The rise of computers in the laboratory was another major technical advance. They made possible the collection and processing of monumental amounts of data that were critical for the advancement of many fields (e.g., X-ray crystallography, genomics, and proteomics). However, the computer also promoted the fragmentation of the research records in academic laboratories and made oversight more difficult. Researchers routinely use many different computer applications in the course of their work and produce a variety of research records (e.g., word processing files, spreadsheets, instrument data output files, etc.). For a single research project, relevant computer files can be scattered among several computers within a research group, depending on the number of individuals working on the project. Within each computer, the pertinent files may be scattered among apparently unrelated folders on the hard drive. In addition, the rapid obsolescence of computer software and hardware (often only three to five years per generation) has made the long-term electronic retrieval of research records problematic, if not impossible.
Technological Solutions to Modern Record-Keeping Challenges: Different Responses of Academia and Industry
Computer technology has also been called upon to provide solutions to these modern record-keeping challenges. Laboratory information management systems (LIMS) and electronic laboratory notebooks (ELNs) are the two major types of tools that have been developed.11–13 Industry has embraced these systems due, in part, to intellectual property concerns and stringent FDA regulations. LIMS systems in particular have been extremely helpful in managing laboratories that generate a great deal of data and use standardized procedures, which is often the case in industrial and clinical labs and pharmaceutical quality control facilities. However, in academic (discovery-type) research, protocols and methods can change frequently, and the amount of data collected tends to be relatively limited. Because LIMS systems need to be customized for each process they handle, such systems are therefore viewed as being too inflexible for the typical academic laboratory.12 The exceptions here are areas like genomics and proteomics, whose procedures have become highly standardized with a need to process high amounts of data. ELNs supposedly mimic the bound paper notebook, but again due to flexibility issues, anecdotal evidence suggests that such tools are not commonly used in academic laboratories.12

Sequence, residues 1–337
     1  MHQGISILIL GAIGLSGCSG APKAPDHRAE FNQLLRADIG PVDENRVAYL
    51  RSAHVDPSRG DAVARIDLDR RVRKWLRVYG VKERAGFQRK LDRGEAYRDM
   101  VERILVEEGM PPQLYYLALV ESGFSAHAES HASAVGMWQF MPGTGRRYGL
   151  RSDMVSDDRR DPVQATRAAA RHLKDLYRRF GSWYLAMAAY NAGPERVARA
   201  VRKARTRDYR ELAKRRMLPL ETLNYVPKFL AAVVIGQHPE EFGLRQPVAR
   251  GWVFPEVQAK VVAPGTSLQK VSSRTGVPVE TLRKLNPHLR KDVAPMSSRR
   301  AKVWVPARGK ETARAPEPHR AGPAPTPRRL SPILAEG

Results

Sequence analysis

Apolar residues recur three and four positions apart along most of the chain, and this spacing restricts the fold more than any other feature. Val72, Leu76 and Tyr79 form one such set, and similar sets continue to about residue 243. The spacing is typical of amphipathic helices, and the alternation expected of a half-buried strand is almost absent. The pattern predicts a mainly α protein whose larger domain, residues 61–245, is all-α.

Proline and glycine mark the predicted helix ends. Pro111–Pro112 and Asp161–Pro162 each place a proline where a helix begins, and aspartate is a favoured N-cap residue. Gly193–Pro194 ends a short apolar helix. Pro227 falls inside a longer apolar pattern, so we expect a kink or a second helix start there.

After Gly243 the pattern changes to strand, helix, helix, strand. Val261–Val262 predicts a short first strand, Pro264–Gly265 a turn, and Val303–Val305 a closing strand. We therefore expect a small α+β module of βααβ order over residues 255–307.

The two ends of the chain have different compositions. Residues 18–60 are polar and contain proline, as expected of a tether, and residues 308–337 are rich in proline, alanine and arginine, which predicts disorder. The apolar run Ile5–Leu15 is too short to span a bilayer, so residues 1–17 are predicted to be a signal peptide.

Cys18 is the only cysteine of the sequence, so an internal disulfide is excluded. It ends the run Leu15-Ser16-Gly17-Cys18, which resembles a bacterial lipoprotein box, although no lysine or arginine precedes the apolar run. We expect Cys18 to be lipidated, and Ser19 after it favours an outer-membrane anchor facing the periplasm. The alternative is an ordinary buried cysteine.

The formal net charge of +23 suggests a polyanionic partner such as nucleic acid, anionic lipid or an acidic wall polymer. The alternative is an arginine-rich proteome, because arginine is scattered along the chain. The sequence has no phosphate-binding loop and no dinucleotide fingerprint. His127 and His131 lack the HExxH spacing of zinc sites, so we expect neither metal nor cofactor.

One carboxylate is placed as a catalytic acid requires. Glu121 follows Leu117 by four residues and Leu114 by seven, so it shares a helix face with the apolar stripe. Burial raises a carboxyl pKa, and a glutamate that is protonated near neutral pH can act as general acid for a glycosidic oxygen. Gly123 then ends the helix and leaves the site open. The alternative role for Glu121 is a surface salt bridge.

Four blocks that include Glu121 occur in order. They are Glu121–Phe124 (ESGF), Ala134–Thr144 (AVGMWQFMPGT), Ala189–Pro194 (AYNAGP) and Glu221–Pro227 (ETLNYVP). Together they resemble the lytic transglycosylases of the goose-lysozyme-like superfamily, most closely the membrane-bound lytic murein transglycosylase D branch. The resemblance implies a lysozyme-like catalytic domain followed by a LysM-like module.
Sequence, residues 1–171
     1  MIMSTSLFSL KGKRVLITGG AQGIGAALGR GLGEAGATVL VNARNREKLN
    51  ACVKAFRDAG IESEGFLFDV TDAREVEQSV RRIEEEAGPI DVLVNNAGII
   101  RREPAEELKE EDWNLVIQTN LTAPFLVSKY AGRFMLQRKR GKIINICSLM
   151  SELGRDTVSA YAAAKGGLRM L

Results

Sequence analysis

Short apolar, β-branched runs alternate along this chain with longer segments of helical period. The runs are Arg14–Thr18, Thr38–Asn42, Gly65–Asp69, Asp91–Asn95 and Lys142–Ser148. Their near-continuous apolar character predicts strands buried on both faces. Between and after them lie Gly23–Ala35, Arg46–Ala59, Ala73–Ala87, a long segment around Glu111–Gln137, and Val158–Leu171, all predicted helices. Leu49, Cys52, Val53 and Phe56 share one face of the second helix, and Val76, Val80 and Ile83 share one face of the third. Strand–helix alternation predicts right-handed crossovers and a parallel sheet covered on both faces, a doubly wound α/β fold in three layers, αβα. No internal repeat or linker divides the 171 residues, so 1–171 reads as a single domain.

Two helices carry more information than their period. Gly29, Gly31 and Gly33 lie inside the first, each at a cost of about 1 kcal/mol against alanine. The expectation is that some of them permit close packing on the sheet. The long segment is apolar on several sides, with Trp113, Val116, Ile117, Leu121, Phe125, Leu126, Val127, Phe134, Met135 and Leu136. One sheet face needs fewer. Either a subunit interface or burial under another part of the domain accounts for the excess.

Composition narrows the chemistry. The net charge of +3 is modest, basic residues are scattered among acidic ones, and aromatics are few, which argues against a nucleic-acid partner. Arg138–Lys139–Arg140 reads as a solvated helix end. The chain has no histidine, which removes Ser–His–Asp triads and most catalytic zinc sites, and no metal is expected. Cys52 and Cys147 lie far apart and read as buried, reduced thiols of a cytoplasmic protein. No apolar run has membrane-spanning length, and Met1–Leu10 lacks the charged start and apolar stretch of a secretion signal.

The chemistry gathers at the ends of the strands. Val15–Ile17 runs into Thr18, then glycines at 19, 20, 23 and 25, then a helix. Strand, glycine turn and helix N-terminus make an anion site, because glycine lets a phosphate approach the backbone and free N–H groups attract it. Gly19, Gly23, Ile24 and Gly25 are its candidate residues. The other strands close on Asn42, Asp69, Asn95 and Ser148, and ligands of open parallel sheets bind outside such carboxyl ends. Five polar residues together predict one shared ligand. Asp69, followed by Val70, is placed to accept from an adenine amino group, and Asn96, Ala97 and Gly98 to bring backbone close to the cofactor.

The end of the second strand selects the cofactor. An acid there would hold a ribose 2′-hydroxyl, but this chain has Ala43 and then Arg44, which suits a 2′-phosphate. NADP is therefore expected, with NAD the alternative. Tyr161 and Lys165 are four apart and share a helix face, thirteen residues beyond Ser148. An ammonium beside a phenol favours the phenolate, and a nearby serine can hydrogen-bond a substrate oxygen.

These technological solutions themselves are limited by the basic assumptions used in their design about what constitutes good records and good record-keeping. The best practice principles that we developed and have described below can be used to guide the development of future generations of LIMS and ELNs. We believe that these principles transcend the mechanism for their implementation, whether they be paper- or computer-based.
Genesis of the Best Practices
We developed the best practices described below as an adjunct to our research-on-research-ethics project entitled “Scientific Record Keeping and Responsible Research Conduct” funded by a grant from the National Science Foundation (NSF).5 We carried out the research to determine the actual record-keeping practices of active NSF- and NIH-funded scientists and how these influence the adjudication of research misconduct investigations. To help prepare a national survey of active NSF and NIH scientists on their record-keeping practices and to aid in the analysis of the responses, it was necessary to have a set of generally recognized best practices, that is, normative standards for research record-keeping. We derived these best practices from four sources: (1) the research training and ethics literature; (2) institutional policies and guidelines; (3) interviews with university officials responsible for investigating allegations of scientific misconduct; and (4) focus groups composed of faculty members from both medical and nonmedical faculties of Duke University, East Carolina University, North Carolina State University, and the University of North Carolina at Chapel Hill.